markdown guide

Markdown Doctest

It runs code examples in your README/all other markdown files, so you never forget to update your documentation


Instead of harping on a popular framework, I want to highlight some niche web-based tools I find myself going back to far too often. It's usually for things I don’t do often enough or when I get stuck on a particularly niche aspect of something.

Crontab time formatter:
CSS entity conversion calculator:
Regex tool:
Testing website readiness: (previously
The “what the hell does this command do?” for command line:
htaccess tester:
Free online lossless image compressor:
Parse your css (for fun?):
Collect a user’s browser info: is a really good one.

Whoa, Varvy looks pretty sweet!


I prefer cVim, I found it faster for link annotation rendering :) but both are awesome utils for mouseless interaction.


I have a few that I find handy.
Take code samples and generate highlighted HTML for blog entries and documentation
Hapi.js is a great alternative to express.js for creating web servers in node. Using this with joi.js and Swagger means you can write your endpoints once, supply the code for validation and swagger reads all of this in and generates documentation. Never have stale comments again!
Pure CSS is a super, super small CSS library that helps you do a lot of what Bootstrap does just more bare bones. It's run my Yahoo and hasn't been frequently updated but they're working on turning it over to the community. Great little library that's 3.8kb when gzipped.
A JavaScript messaging library that includes handy utilities for type validation (#ShamelessPlug, this is my library)


I've been using Hapi.js for all my recent projects. Been liking it since. Haven't looked into Swagger, but sounds pretty sweet!


FlyCut: A clipboard manager for macOS. Keep your copy buffer history. Never lose that URL or code snippet you copied a few seconds ago and haven't pasted. Copy all you need from one file before moving to the next, no need to back-and-forth. This is literally the first thing I install on a new computer.


Sorry, I have no idea what you're talking about, if you're serious please describe the situation, what accounts, on what services? If you can't provide that, I'll have to report you as harassment. is brute forcing my accounts. They are in Plano tx and using an iPhone. Not you?

Accounts are Reddit, Spotify, Instagram, and others

Sorry, not me, I go by mxcoder only in github, I think, I don't have that email address. I'm sorry I cannot help you, I think you could try by reporting the address here:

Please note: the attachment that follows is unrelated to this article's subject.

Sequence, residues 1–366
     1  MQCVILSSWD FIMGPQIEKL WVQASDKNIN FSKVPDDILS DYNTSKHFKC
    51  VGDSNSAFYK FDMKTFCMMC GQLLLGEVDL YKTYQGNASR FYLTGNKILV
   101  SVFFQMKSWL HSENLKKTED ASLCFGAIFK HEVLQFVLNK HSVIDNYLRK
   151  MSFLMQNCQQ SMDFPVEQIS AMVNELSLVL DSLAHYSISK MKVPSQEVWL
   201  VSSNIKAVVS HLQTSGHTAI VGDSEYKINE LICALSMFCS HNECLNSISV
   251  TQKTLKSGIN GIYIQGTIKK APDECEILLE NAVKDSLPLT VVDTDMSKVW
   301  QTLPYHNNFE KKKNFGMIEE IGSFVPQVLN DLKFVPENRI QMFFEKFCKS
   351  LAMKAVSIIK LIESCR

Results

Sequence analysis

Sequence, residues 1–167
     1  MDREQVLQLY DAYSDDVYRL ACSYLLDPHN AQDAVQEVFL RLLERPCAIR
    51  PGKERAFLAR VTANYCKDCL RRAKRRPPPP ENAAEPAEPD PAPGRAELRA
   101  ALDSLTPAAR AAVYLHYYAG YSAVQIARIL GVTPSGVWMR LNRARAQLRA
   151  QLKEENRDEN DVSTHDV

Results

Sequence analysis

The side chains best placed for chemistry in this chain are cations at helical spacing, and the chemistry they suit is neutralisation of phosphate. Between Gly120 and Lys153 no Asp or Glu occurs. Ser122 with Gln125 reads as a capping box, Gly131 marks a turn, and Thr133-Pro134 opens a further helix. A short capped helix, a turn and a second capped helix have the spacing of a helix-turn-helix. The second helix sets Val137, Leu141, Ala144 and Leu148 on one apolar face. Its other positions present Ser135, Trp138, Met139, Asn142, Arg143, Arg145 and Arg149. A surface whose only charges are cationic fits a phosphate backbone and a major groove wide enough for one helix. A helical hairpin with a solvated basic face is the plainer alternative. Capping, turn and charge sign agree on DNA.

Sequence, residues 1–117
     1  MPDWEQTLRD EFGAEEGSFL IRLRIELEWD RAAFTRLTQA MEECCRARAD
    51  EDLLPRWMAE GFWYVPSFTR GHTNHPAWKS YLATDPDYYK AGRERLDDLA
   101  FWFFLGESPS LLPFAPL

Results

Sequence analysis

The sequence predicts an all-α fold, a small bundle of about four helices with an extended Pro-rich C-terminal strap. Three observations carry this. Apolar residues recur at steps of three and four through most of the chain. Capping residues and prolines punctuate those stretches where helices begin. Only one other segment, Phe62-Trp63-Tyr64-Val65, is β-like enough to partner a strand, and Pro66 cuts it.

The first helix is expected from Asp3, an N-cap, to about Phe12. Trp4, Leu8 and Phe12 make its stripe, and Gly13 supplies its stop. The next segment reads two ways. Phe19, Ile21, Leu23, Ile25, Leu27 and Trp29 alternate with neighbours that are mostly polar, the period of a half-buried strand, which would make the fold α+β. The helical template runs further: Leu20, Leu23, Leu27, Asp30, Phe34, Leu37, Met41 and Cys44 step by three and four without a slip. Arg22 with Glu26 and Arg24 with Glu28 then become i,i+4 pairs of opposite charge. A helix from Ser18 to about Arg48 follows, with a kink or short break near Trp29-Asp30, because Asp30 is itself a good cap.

If there's anything else you think I can help you with, feel free to ask.

Ah well guess I'm happy it's not you and also sad to hit a dead end. Forgive my transgressions as I try to save my various online identities!

I know the feeling, I'm sorry I could not help more.

Hope you get them!

What an odd little interaction. Hope you get this sorted out lizzae, if you need the community's technical help understanding and getting to the bottom of this, feel free to make a post with the help tag and ask - the command line for the web/browser, best to be installed as default search engine in the browser, allows commands to directly search/go to specific pages, e.g. "wp search-term" to search Wikipedia, "gm place" to look up a place in Google maps...


This is a tool that should be in any developer's toolkit: HTTPie. It makes working with REST APIs from the CLI dead simple. Seeing people use curl to debug REST APIs is just painful.


ImageMagick (

It's a CLI tool for most of your image processing needs. I use it in my apps a few times, and for the random times I need to resize or convert jpg to PNG, so that I can do stuff like upload a passport-sized photo in a really specific size and format for government e-sevices......


Chocolatey ( is a Windows package manager. Great for provisioning and maintaining development environments, both virtual and physical, at my job. apt or yum for Windows, sorta.

Along with that, anything else that brings some familiar *nix-iness to Windows is my friend. Babun ( is a pretty shell wrapper - runs on top of cygwin, but does everything for you, including pact, its own package manager for installing the cygwin bits you want with one command ($ pact install tmux).


Deepstream is a great open source alternative to services like Firebase with far more extensibility and ease of use.

Paws for Trello integrates Trello with macOS and gives a native-feeling experience (even though it's still an Electron application).

devRant is a great place to go when looking for programmer jokes or feeling the need to rant about something.


I tried Deepstream in a production app.

Nothing but regret all over the place. I don't think it's production-ready yet.



It's popularity is dwarfed by redux and other flux libraries used in conjunction with React, but I find it absolutely flawless. I have nothing but good things to say about it. If you're planning on build a large, complex React app, do give it a try.


Awesome. The client is completely vanilla JS and I'm casually shopping around for the future. It's always great to find more options for comparison when you're not in a hurry to implement.


+1 for Vimium. Also VimFx for Firefox, and Qutebrowser (QtWebkit-based vimmy browser).
Also, Bash functions. A good set of useful Bash functions can replace a lot of extra command-line tools, like autojump, a simple calculator, making and working in a scratch directory, and moving around quickly (eg replacing parts of a path with other things). as well. It's not as full-featured as other autoformatters, but handles HTML, CSS, and JS well enough in a jiffy, and has an API so you can send stuff to it with CURL or whatever.


Tabli - A Free, Powerful Tab Manager Extension for Google Chrome:

This is a Shameless Plug (I wrote Tabli). But I wrote it because, as a developer, I really needed it, and now it's a tool I can't live without. And, much to my chagrin, few others have heard of it. :)